Ask Salt&Light: Should I forgive a thief in the department?
Dr Philip Satterthwaite // October 8, 2019, 6:00 am
In a situation like this you need to consider all angles, and how to be fair to all those affected by your decision, writes Dr Philip Satterthwaite. Photo by Bench Accounting on Unsplash.
There was a recent theft case in my department. As the supervisor, I have to make the decision whether to fire the perpetrator. I am reluctant to do so – he has apologised for his actions and promised not to do it again – knowing we are called to forgive, but I also don’t want to set a precedent where people take advantage of being given a second chance.
Jeffrey C., 50, store manager
Yes, Christians are called to forgive and, if the matter were just between you and the perpetrator the issue would be straightforward: You would be obliged to forgive, just as you yourself have been forgiven by God.
But who has been wronged here? Certainly you have, as the supervisor of a department whose performance will be affected by the theft.
Forgiveness doesn’t mean the wrongdoer is freed from all responsibility for the wrong they have committed.
But what about the other members of the department and the company as a whole? How have they been affected? Do you have the right to offer forgiveness on their behalf? You need to think carefully about the possible effects of “extending grace” in such a situation.
You don’t indicate the scale of the theft. I assume that it is not trivial but, on the other hand, it has not seriously threatened the viability of the company or department (if it had I suspect you would have fired the person already).
I assume also that you have talked the matter over with the perpetrator and know at least something about his or her background, family situation and reasons – however inadequate – for committing the theft.
You have a number of options, depending on the exact nature of the situation, and also on your company’s HR policy:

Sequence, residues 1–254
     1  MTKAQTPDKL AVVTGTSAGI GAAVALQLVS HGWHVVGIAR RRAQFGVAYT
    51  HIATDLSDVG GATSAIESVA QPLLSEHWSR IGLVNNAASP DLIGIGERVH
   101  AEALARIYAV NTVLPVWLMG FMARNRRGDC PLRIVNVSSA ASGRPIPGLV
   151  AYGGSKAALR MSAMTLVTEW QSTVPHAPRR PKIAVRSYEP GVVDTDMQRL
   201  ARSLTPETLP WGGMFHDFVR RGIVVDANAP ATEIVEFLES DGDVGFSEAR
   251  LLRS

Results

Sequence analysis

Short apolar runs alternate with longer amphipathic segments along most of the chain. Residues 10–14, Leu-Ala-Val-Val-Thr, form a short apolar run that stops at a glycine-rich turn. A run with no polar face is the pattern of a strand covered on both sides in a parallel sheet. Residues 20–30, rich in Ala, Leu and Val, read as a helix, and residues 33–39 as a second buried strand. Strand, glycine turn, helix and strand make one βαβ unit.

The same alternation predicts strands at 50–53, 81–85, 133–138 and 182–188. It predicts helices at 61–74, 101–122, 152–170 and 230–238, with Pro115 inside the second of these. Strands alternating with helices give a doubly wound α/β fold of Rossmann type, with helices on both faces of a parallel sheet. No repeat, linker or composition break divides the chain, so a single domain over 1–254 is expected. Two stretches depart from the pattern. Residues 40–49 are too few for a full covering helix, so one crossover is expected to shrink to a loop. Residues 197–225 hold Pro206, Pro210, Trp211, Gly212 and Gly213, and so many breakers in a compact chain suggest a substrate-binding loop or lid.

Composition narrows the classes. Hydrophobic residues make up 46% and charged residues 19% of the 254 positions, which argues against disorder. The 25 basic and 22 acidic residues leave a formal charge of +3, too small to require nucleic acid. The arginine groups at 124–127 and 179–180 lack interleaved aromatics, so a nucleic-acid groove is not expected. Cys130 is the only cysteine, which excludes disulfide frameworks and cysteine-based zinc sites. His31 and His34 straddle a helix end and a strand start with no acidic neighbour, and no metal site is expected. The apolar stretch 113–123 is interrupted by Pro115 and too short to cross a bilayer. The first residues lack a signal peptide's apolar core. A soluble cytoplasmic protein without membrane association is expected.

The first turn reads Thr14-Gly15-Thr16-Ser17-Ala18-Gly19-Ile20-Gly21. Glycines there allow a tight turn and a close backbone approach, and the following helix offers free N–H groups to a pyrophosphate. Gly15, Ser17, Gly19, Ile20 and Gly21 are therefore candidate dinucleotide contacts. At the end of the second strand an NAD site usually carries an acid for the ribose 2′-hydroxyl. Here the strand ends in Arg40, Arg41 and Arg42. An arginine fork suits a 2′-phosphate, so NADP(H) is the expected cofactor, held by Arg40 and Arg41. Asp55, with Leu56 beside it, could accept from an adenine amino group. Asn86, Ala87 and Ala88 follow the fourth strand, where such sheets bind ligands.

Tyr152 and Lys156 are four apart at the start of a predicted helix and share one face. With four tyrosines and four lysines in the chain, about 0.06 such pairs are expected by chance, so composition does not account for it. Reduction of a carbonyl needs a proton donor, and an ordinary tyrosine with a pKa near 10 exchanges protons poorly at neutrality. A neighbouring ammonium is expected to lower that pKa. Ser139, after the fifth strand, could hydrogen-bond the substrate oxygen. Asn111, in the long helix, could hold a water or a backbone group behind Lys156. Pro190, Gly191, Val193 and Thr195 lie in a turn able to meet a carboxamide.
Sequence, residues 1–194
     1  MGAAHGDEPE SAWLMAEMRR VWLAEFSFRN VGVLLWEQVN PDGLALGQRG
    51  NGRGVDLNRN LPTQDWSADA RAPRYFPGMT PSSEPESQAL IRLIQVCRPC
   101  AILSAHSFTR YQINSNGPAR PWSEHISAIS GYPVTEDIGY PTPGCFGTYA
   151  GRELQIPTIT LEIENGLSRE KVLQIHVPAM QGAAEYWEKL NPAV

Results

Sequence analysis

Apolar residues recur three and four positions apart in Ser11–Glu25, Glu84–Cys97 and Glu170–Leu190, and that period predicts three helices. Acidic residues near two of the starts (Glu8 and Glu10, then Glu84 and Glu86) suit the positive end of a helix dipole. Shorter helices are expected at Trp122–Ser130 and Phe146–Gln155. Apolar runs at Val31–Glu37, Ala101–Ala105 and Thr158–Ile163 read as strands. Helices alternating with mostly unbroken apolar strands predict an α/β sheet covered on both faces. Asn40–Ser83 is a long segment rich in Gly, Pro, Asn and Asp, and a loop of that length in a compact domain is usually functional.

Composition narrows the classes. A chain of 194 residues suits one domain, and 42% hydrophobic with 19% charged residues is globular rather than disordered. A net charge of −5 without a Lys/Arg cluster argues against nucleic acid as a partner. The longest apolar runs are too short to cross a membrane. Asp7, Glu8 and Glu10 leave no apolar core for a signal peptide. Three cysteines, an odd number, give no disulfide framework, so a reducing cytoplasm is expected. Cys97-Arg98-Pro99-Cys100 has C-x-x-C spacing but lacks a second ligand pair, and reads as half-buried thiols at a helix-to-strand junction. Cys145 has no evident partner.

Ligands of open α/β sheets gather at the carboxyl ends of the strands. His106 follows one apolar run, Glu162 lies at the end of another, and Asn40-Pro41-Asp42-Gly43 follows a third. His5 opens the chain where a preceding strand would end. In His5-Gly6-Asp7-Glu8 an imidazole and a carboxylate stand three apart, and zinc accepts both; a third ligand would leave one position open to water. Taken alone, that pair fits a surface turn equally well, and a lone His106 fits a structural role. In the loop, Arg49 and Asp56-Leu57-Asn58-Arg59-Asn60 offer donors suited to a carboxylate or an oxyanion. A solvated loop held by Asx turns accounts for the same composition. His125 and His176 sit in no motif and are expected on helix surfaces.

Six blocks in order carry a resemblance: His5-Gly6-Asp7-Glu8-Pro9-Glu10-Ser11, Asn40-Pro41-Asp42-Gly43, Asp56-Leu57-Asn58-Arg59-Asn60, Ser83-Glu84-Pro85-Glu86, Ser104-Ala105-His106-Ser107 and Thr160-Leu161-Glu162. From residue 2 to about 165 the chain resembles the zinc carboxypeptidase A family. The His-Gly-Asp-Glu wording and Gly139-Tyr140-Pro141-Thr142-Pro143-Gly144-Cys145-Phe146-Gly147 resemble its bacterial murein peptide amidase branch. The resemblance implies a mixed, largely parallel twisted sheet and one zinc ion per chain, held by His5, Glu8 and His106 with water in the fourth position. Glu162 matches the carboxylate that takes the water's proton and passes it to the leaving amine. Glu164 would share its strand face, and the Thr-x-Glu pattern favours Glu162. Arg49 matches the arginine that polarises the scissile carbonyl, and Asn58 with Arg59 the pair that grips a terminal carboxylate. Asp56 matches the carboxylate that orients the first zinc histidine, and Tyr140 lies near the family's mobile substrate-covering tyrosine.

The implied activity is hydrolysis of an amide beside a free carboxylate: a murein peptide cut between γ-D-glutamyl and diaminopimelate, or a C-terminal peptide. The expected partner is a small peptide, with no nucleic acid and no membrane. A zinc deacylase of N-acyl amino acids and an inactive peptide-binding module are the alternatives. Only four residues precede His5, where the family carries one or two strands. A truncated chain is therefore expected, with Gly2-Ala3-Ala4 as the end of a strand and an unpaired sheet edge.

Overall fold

- You can tell the person that you have personally forgiven them for the theft and the harm it has done you, but fire them on the grounds that theft is destructive for the company’s profitability and ethos. You are not required to forgive on others’ behalf.
- You can forgive them personally and retain them on staff but require them to make restitution, in full or in part. Forgiveness should not mean that one does not have to make amends for wrongdoing.
- If the department as a whole knows about the theft – which you seem to imply – you need to avoid setting a bad precedent. So retain the perpetrator, require them to make restitution, and make it known in the department that this is what you have done. This makes clear that “second chance” does not mean profiting from crime.
- If it is generally known who the perpetrator is – and not just that there has been a theft – there is likely to be ill-will towards the perpetrator in the department. If you choose option two or three, you may need to gather the other members of the department, explain your decision and ask them to forgive the perpetrator and continue to work with them.
These are not the only options, and all options are open to potential objections!
The main biblical principle here is that while forgiveness can be a precious and healing thing, and while Christians are required to be forgiving people, forgiveness does not mean that the wrongdoer is freed from all responsibility for the wrong they have committed – nor should it do so.
In a situation like this you need to consider all angles, and how to be fair to all those affected by your decision.
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